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First exhibition devoted to the significance of monuments in Fritz Wotruba's work on view in Vienna
Exhibition view, Fritz Wotruba. Photo: Sophie Thun, © Fritz Wotruba Privatstiftung, Belvedere, Vienna.


VIENNA.- Since antiquity, monuments, as focal points of public remembrance and commemoration, have employed the sculpture medium. In the 19th century the patriotic nation-building process gave rise to a cult of the monument, which in Vienna reached its highpoint in the Ringstrasse era. These sculptural monuments underpinned not only the mythos and imperial power of the Hapsburg dynasty, but also glorified the values of the liberal bourgeoisie through statues of authors and musicians. Since the late 19th century, monumental sculpture in public space has been utilized to represent social and political ideas in ways that are able to communicate with the masses. Particularly between the two World Wars, monuments assumed the function of political representation. The era's pervasive struggle between divergent political ideals was also fought out in ideologically charged monuments. Often these works did not survive shifts in political power relationships, sharing the destiny of the factions that had commissioned them. The political fragmentation that had plagued the interwar period continued to exist in Austria after the restoration of democracy in 1945, although on the surface it was supplanted by a consensus born of political necessity. This era's monuments and culture of remembrance bear witness to the need for a new Austria and the underlying tensions.

Fritz Wotruba (1907–1975) numbers among the most important sculptors of the 20th century and is considered a “classic” of modern sculpture. He was intensely engaged with the social and political questions of his era, and he also addressed them in his work as an artist. More, he felt that art was a vehicle of enlightenment, with a mission to renew culture and society. These views led him to participate in high-profile projects for the erection of monuments, whereby he concentrated his efforts primarily on projects dedicated to the labor movement and to victims of political violence, but also on memorials for artists.

Fritz Wotruba's monument projects should be seen in the context of the political upheavals and tectonic shifts in the politics of memory that characterized the First and Second Republics.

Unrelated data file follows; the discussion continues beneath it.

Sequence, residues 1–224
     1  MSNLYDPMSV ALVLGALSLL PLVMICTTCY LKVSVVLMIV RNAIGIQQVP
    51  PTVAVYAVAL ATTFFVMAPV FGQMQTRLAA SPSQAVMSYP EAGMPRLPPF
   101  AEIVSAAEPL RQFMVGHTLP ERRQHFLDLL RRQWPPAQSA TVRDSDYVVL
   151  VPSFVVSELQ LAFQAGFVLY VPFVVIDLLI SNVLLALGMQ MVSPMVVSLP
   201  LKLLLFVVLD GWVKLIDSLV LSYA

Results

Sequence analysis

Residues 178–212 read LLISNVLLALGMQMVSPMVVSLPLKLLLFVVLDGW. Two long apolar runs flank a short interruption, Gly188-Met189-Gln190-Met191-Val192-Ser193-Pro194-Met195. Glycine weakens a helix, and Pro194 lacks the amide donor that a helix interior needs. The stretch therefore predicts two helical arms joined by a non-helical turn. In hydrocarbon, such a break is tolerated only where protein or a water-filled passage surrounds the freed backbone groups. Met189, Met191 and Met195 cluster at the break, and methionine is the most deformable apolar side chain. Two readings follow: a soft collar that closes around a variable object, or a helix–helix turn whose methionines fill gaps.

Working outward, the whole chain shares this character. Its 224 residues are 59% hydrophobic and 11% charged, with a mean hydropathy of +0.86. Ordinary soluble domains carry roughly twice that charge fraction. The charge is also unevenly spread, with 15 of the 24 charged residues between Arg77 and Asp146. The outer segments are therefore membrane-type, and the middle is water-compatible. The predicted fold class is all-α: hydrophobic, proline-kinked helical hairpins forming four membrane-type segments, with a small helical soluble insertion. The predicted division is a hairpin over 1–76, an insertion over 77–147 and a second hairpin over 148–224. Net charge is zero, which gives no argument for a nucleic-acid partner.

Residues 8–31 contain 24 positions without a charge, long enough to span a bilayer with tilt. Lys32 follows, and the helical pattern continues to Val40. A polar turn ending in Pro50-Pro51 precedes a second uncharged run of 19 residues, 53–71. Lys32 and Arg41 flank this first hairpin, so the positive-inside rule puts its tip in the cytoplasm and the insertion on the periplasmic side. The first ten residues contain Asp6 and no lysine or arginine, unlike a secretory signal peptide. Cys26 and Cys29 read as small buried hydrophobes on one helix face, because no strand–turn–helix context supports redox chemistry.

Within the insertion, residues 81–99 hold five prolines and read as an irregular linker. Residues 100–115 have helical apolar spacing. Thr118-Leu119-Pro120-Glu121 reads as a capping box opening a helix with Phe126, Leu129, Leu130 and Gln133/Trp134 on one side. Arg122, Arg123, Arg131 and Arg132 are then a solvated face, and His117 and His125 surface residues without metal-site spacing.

This year, in which we commemorate the end of the Second World War 70 years ago and the signing of the Austrian State Treaty 60 years ago, the Fritz Wotruba Foundation is presenting the first exhibition specifically devoted to the significance of monuments in Wotruba's work. The show – comprising 20 drawings, 18 sculptural designs and extensive photo documentation – focuses on 13 monument projects in Austria and Germany, dating from the early 1930s to the 1970s, in which Wotruba became involved. Most of the original works are from the sculptor's estate, held by the Belvedere on permanent loan from the Fritz Wotruba Foundation. Many of them are being shown for the first time in a public exhibition.

A number of Wotruba's monuments remain present in public space to the present day, among them the controversial 1932 memorial Man Condemn War in Leoben, Styria – removed for political reasons in 1938 and re-erected in 1988 – and the 1969 monument for Richard Wagner in Mainz. Numerous grave monuments by the sculptor can also be seen at the Vienna Central Cemetery.

Several of Wotruba's designs remained unrealized on account of his uncompromising stance toward the brutality of war and the crimes of National Socialism, for example the naked figure of a fallen soldier designed in 1934 for the Heroes' Memorial in the Burg Gate, Vienna. This design was rejected in favor of the heroic Dead Warrior by Wilhelm Frass, which continues to be displayed in the crypt. Wotruba's design for the monument To the Victims for a Free Austria (1934–1945) at the Vienna Central Cemetery was considered too aggressive and accusatory. A monument To the Victims of National Socialism that Wotruba planned with the City of Stuttgart in 1965 was quashed by protests in the populace and the press, in which overt criticism of the abstract design's modernism merged with an underlying rejection of the entire idea of a monument to the victims of National Socialism.

Wotruba was involved in one way or another in many of the central monument projects of his era, and these have remained in public discourse until the present day. This exhibition sheds light on the contexts in which the projects were planned and realized, documenting their reception and analyzing the aesthetic vision with which Fritz Wotruba approached them. Furthermore, Wotruba's designs for monument competitions and commissions offer an overview of his artist development and characteristic formal language.

After 14 years, Wotruba's Large Figure Relief of 1957/58 returns to the site it occupied for decades. Originally the sculptor created this seven-part monumental relief for the Austrian pavilion at the 1958 World Expo in Brussels, which was designed by architect Karl Schwanzer. Later disassembled and rebuilt in the Vienna park “Schweizergarten”, the building was used between 1962 and 2001 as the Museum of the 20th Century, also known as the 20er Haus. During this period Wotruba's relief was displayed in the museum’s sculpture garden. Subsequently the space was renovated, expanded and reopened as the 21er Haus, the Belvedere's museum for contemporary art and also home of the Fritz Wotruba Foundation, which has returned the relief, on loan from MUMOK Museum moderner Kunst Stiftung Ludwig Wien, to its original site.

The exhibition is accompanied by a publication that is available in the Salon für Kunstbuch at the 21er Haus.





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